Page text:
- Your Monthly Payment May Be Higher
Taking out a loan to pay off credit card debt can be a daunting prospect. It can help manage your debt in the short term, but it may come with a higher monthly payment. Loan payments are generally more expensive than credit card payments due to added interest rates and fees, so it is important to shop around for the best loan terms that fit your budget.
- You Could End Up in Greater Debt
First, you could end up with more debt if you take out a loan to pay off the credit card debt but continue to use the cards. Once you pay off the credit card debt with a loan, you are likely to start using the cards again, accruing more debt and paying additional interest on top of the loan. After you pay off a card, you should cut the card up or take it out of your wallet. While we don’t recommend closing the card for credit score purposes, we do recommend removing the temptation if you’ve struggled in the past with over spending.
Second, taking out a loan to pay off credit card debt can come with additional fees, such as origination fees, processing fees, application fees, or other miscellaneous fees. Make sure you understand the terms of the loan before signing any documents.
Finally, if you take out a loan to pay off credit card debt, you could end up owing more if you are unable to make the monthly payments on the loan. If you take out a loan but are unable to make the payments, you may be charged late fees and additional interest, leading to a larger total balance and significant damage to your credit score.
The Best Loans for Paying Off Credit Cards
Personal Loans: Personal loans are often considered the best loan for credit card debt because they are unsecured and can be used for a variety of purposes, including debt consolidation. They typically have fixed interest rates and repayment terms, which can make it easier to budget and plan for payments. Additionally, personal loans often have lower interest rates than credit cards, making them an attractive option for those looking to save money.
Balance Transfer Credit Cards: Balance transfer credit cards are another option for consolidating credit card debt. These cards allow you to transfer your existing credit card balances to a new card with a lower interest rate. Some balance transfer cards offer 0% interest rates for a limited time, which can give you a chance to pay off your debt without accruing additional interest. However, be aware that balance transfer cards often come with balance transfer fees, which can be a percentage of the amount transferred.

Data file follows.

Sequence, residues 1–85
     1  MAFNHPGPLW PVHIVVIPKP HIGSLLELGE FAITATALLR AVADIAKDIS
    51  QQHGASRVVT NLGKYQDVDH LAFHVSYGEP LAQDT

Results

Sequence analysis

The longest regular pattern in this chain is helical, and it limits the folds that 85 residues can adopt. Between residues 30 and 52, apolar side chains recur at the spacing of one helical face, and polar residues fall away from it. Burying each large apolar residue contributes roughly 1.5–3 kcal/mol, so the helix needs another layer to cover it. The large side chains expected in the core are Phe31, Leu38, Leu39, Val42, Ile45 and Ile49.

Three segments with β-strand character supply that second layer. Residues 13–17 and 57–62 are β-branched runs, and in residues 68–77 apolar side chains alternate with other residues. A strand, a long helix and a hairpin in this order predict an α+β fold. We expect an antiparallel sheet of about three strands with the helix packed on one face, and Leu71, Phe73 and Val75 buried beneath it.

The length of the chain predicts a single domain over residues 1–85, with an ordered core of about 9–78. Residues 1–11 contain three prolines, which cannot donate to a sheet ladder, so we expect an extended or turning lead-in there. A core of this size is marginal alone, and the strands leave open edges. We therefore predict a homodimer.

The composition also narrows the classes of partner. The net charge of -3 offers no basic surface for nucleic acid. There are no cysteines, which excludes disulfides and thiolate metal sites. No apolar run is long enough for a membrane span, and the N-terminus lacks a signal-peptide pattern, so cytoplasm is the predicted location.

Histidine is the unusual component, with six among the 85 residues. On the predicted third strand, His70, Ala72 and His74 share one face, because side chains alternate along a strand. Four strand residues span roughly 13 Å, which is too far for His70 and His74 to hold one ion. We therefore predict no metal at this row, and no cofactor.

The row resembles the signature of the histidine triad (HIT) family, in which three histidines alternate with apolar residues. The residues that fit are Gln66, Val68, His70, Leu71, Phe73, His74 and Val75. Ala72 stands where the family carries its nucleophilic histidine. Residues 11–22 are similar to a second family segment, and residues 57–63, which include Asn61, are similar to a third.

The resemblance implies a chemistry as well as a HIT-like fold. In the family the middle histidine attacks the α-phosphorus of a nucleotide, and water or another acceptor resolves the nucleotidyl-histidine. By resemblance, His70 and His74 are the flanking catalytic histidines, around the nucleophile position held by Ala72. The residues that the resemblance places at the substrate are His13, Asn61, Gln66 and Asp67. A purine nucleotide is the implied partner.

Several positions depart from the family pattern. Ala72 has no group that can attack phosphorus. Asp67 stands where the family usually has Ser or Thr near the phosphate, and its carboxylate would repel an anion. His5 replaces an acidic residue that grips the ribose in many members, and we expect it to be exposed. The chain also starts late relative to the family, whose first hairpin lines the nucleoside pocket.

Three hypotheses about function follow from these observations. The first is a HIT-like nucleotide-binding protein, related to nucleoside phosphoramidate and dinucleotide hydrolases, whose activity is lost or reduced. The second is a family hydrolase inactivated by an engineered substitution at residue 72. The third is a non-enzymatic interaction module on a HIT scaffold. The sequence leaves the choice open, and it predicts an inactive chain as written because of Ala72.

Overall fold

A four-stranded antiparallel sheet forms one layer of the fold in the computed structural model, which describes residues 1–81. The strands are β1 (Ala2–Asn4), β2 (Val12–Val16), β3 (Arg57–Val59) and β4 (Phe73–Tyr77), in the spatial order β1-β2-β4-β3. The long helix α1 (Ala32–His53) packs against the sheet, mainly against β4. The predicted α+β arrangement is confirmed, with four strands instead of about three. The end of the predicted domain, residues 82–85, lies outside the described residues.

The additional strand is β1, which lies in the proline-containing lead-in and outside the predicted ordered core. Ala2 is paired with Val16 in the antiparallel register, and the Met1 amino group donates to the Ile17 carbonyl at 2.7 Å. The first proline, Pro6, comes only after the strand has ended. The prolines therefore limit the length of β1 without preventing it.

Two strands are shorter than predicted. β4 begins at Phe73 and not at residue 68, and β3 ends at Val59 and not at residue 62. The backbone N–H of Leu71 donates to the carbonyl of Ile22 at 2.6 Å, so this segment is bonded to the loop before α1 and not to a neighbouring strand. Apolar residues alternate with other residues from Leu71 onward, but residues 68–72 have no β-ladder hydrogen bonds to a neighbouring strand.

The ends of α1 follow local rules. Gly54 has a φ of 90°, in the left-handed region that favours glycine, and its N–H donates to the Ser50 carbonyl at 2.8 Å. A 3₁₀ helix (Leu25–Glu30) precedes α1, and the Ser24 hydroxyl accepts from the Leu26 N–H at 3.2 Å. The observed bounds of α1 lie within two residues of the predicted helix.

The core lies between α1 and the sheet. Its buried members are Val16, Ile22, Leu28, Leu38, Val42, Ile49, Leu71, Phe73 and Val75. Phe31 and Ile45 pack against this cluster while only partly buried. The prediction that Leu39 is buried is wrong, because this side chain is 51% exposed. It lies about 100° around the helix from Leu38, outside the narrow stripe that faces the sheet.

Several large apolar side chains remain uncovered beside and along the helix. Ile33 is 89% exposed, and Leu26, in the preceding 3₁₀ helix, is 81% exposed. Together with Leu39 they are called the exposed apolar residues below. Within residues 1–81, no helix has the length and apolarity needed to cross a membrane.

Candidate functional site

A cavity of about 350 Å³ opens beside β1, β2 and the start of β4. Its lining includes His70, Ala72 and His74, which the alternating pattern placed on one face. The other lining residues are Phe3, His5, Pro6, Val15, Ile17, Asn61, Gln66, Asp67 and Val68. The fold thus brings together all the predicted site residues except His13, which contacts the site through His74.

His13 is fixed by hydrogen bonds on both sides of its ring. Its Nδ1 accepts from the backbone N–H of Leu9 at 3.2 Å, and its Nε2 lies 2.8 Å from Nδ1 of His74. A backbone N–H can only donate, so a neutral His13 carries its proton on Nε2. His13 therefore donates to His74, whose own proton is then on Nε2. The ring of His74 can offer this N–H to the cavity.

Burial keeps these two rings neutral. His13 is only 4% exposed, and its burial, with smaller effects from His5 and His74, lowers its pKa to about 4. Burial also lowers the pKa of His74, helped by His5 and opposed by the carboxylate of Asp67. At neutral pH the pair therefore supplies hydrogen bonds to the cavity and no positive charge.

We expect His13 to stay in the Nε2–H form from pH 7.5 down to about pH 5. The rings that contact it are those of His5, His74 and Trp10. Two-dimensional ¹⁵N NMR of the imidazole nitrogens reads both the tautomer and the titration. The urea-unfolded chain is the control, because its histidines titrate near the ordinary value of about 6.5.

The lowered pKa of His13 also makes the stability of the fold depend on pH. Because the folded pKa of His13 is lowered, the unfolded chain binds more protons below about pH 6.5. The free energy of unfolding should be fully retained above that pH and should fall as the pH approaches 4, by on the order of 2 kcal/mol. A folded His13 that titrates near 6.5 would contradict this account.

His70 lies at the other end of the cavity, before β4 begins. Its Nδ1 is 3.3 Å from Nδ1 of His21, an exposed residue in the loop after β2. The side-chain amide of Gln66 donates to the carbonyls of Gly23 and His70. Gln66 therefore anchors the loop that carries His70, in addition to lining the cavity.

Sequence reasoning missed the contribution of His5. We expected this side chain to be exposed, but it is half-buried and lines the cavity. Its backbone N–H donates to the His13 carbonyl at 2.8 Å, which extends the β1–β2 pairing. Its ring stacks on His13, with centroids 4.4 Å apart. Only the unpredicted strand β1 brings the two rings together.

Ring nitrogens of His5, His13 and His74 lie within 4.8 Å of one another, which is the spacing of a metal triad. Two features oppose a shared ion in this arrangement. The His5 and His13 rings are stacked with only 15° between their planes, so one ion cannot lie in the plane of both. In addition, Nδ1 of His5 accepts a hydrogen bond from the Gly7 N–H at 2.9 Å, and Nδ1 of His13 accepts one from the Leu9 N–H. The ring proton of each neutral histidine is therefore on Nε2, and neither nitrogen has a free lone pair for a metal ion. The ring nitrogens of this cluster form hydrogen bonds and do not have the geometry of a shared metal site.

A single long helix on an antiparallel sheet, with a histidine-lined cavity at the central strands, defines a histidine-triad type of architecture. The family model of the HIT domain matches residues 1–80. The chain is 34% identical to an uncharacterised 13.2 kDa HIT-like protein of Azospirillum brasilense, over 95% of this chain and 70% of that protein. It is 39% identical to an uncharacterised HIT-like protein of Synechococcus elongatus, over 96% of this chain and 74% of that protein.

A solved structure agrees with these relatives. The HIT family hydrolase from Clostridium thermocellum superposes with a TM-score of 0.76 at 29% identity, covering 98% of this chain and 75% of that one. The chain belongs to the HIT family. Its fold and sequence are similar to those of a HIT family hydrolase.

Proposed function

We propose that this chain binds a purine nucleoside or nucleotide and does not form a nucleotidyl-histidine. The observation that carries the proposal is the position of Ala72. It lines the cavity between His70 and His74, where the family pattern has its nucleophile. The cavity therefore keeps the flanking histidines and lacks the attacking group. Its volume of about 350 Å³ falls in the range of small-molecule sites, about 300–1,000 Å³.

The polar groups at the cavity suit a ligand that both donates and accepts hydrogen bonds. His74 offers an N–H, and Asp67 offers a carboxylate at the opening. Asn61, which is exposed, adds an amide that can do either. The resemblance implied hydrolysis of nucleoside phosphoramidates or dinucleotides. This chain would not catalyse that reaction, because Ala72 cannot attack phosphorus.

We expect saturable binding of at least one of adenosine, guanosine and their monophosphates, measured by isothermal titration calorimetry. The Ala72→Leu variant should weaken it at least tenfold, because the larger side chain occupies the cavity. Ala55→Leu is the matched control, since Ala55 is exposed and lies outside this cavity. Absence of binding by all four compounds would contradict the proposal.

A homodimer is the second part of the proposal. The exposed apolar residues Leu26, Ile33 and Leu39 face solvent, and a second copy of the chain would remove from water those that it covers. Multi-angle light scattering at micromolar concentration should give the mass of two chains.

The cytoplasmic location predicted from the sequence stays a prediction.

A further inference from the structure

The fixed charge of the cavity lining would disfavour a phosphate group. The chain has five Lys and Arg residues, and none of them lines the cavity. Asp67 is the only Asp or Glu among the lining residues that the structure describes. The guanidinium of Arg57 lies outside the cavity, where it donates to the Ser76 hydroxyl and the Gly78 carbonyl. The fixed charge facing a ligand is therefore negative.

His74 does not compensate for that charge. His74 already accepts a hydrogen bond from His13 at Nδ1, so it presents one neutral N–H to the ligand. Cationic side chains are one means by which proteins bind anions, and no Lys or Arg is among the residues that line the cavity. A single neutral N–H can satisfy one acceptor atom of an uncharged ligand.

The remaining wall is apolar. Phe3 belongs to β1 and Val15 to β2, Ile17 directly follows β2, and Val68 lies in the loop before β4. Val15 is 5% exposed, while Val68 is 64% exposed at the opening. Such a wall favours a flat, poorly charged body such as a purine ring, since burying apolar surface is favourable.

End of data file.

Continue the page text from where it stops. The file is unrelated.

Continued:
Home Equity Loans or Lines of Credit: If you’re a homeowner, you may be able to use a home equity loan or line of credit to consolidate your credit card debt. Home equity loans are secured by your home and typically have lower interest rates than unsecured loans or credit cards. However, be aware that if you default on a home equity loan, you could potentially lose your home.
401(k) Loans: If you have a 401(k) plan through your employer, you may be able to take out a loan against your account balance to pay off your credit card debt. 401(k) loans typically have lower interest rates than credit cards, and the interest you pay goes back into your account. However, be aware that if you leave your job or are laid off, you may be required to repay the loan in full within a short period of time or face penalties and taxes.
Credit Counseling or Debt Management Programs: Credit counseling or debt management programs can also be a helpful tool for managing credit card debt. These programs work by consolidating your credit card debt and negotiating with your creditors to lower your interest rates and fees. You then make a single monthly payment to the credit counseling agency, which distributes the funds to your creditors. While these programs can be effective, be aware that they may impact your credit score and may take several years to complete.
Overall, loans can be an effective tool for getting out of debt faster, but it’s essential to use them wisely. Consolidating high-interest debts, taking advantage of lower interest rates, and fixed repayment terms are some of the ways loans can help you reduce your debt burden. However, it’s crucial to shop around for the best loan rates, read the terms and conditions carefully, and make sure you can afford the payments. By doing so, you can use loans to your advantage and achieve financial freedom.